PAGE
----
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MAD regulation in the UK The impact of EU law on the regulation of market abuse in the UK Martyn Hopper 23 May 2005.

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Presentation on theme: "MAD regulation in the UK The impact of EU law on the regulation of market abuse in the UK Martyn Hopper 23 May 2005."— Presentation transcript:

1 MAD regulation in the UK The impact of EU law on the regulation of market abuse in the UK Martyn Hopper 23 May 2005

2 2 Contents Background The pre-2001 regime – fiduciaries and intent The market abuse regime – the elusive “effects-based” regime The market abuse regime post-MAD – in search of a coherent rationale Problem areas The death of the “reasonable regular user” Materiality -vs- price sensitivity Trading information Prevention and detection Consistency of interpretation and enforcement across the EU

3 3 Background The pre-2001 regime – fiduciaries and intent Insider dealing –“insiders” who have information through their office, employment or profession –specifc/precise price sensitive information –knowledge –intention to profit Market manipulation –Proof of purpose to mislead –Proof of purpose to induce others to buy/sell

4 4 Background The market abuse regime – the elusive “effects based” regime “misuse of information” –Any behaviour by any person “based on” relevant information –Source of the information is irrelevant –FSA Code provisions make “disclosability” key –No need to prove »Specific /precise / price sensitivity »knowledge of significance of information »intention to profit –But “based on” and “disclosability” bring some of these concepts back “misleading impressions” and “distortion” –The move towards a negligence standard for misleading/distorting the market –FSA Code provisions reintroduce purpose tests for many types of manipulation

5 5 Background The market abuse regime post-MAD – in search of a coherent rationale Insider dealing –Follows the disclosability rationale – information which must be disclosed cannot be dealt upon –“Insiders” are anyone who has inside information »true insiders, or »those who “could reasonably be expected to know” that it is inside information –Specific /precise / price sensitivity –No need to prove »knowledge of significance of information – but dealing must be “on the basis of” the information »intention to profit Market manipulation –No purpose test for false or misleading transactions, disseminating misleading information or abnormal prices –Wide prohibition of “fictitious devices or any other form of deception or contrivance”

6 6 Problem areas The death of the “reasonable regular user” A long-stop on the regime to protect legitimate trading practices Post-MAD “accepted market practices” defence –Only available in relation to false or misleading transactions and abnormal/artificial prices –Requires acceptance by the regulator Where does this leave the role of purpose in assessing allegations of market abuse? To what extent is market practice relevant in assessing whether information is likely to mislead?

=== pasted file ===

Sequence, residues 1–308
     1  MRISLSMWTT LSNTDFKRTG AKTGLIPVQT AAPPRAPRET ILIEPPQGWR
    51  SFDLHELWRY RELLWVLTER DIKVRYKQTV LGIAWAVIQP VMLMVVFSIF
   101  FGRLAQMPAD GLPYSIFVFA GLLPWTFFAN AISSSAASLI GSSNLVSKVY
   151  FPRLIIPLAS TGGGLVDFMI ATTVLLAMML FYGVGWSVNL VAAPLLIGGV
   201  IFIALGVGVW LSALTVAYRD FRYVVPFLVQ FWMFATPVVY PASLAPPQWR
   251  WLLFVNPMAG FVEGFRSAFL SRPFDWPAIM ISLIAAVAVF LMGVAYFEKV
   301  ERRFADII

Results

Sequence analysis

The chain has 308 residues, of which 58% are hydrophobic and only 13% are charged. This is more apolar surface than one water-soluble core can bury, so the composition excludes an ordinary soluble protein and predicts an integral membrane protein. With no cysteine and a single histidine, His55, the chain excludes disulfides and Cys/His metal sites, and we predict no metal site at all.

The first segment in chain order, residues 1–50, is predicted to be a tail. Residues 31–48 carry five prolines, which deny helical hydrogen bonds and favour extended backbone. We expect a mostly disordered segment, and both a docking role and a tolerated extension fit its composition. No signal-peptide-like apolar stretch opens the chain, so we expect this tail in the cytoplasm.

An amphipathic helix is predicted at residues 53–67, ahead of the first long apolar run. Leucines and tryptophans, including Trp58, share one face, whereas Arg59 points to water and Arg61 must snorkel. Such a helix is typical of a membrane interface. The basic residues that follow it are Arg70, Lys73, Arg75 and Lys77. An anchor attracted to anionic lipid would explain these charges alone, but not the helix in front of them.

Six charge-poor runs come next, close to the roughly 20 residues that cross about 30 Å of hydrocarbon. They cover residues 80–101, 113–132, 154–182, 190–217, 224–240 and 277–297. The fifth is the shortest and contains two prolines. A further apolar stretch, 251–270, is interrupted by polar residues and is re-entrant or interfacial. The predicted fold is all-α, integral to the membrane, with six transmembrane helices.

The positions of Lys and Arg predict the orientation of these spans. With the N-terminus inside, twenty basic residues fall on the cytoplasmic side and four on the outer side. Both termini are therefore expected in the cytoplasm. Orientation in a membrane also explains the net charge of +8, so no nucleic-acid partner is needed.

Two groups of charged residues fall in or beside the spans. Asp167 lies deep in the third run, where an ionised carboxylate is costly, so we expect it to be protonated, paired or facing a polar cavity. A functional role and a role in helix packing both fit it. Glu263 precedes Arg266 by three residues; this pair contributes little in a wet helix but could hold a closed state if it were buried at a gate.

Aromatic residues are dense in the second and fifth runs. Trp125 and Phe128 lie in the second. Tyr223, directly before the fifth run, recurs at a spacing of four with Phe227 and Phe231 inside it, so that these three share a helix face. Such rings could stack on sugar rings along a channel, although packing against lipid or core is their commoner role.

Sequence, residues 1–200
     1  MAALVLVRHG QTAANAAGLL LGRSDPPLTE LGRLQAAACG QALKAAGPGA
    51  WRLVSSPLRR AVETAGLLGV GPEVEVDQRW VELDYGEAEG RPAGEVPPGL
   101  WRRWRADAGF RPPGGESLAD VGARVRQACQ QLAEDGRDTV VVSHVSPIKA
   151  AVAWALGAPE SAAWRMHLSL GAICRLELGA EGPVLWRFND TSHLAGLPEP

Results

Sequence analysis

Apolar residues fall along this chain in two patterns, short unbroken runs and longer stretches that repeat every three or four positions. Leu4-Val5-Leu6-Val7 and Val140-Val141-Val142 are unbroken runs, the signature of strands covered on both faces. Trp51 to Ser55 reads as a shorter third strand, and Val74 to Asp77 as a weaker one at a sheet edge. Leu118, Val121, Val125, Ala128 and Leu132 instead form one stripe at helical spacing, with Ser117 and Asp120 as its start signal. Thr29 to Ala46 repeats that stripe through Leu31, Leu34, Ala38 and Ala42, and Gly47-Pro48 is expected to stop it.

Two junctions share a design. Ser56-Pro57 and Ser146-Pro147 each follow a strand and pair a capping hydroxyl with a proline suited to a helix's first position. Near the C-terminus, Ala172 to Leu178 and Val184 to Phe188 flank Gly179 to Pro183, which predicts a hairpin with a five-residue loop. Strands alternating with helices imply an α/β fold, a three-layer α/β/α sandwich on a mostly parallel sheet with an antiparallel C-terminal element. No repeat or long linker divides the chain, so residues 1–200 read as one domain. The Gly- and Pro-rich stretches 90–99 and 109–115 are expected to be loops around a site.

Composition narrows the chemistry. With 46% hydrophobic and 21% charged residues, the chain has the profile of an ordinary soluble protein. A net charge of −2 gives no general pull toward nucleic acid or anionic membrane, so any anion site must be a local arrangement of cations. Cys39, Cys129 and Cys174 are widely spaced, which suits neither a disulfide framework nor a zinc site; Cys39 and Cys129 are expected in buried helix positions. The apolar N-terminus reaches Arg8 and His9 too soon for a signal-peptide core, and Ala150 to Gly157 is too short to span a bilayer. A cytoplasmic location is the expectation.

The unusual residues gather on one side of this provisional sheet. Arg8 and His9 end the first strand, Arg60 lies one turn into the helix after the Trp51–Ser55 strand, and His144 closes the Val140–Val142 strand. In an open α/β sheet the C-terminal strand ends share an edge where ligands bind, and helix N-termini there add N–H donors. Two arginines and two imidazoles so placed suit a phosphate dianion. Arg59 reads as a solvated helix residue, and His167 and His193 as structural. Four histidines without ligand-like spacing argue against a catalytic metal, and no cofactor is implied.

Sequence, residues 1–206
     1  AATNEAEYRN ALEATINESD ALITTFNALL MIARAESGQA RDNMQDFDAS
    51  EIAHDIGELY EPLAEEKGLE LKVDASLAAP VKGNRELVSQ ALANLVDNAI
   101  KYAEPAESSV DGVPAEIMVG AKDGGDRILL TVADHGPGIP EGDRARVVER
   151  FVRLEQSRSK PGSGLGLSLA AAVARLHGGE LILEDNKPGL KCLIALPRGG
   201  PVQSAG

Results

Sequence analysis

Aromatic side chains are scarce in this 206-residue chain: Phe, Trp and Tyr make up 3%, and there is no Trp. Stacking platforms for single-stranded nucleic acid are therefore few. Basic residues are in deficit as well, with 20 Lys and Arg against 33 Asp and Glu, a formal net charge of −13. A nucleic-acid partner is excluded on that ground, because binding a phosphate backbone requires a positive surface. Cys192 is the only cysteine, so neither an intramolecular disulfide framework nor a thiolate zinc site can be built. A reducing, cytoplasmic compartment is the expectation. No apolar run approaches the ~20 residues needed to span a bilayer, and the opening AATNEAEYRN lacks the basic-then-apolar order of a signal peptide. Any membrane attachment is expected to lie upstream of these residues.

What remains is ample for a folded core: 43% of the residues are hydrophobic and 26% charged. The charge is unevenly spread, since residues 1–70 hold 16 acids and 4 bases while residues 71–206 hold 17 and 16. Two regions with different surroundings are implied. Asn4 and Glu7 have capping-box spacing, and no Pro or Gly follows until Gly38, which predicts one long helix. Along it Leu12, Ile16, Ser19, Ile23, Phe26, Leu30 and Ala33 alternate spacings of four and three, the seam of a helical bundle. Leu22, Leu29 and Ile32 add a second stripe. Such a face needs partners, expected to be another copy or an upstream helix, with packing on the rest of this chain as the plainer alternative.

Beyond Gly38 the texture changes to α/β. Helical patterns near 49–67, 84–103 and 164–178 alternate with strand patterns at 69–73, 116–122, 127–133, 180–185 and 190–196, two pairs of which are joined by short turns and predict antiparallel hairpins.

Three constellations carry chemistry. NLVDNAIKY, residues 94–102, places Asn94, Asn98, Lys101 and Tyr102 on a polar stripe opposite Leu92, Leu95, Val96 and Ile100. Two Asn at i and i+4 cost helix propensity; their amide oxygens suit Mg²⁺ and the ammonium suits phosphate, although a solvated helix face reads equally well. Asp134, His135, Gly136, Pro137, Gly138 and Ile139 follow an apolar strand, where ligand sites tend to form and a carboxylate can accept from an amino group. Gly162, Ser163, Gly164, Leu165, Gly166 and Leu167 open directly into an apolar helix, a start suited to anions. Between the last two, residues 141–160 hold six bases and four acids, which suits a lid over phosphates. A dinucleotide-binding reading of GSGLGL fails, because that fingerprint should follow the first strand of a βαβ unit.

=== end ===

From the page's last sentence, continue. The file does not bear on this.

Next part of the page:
7 7 Problem areas Materiality vs price sensitivity Two competing definitions –Likely to have a significant effect on price –Likely to be regarded as significant by reasonable investors Tension between test for continuing disclosure by issuers and test for insider dealing prohibitions – caused by abandoning the fiduciary model for insider dealing regulation?

8 8 Problem areas Trading information regime: general safe harbour for dealing on the basis of trading information Post-MAD – inside information includes information about pending client orders “Front-running” – an abuse on the customer or an abuse on the market? Information of potential large order Details of unexecuted client order Unreported information on executed trade Information on reported trade Firm order acceptedTrade executedTrade reported

9 9 Problem areas Prevention and detection Controls over access to inside information – “need to know” policies –What standard of protection is required? Requirements to record who has access – insider lists –Who has “access”? Expanded directors/senior executive dealing disclosures –Who is a senior manager? –Who is a connected person? Extension of Model Code requirements to all who have access Suspicious trade reporting obligations –What is the extent of intermediaries monitoring obligation? Research recommendations and conflicts of interest –What does this have to do with market abuse?

10 10 Problem areas Consistency of interpretation and enforcement across the EU Will we see real harmonisation of standards? Do we want real harmonisation of standards? How will overlapping enforcement jurisdiction be managed? What are the implications of extending administrative fining powers across the EU?

11 11 Herbert Smith LLP, Gleiss Lutz and Stibbe are three independent firms which have a formal alliance


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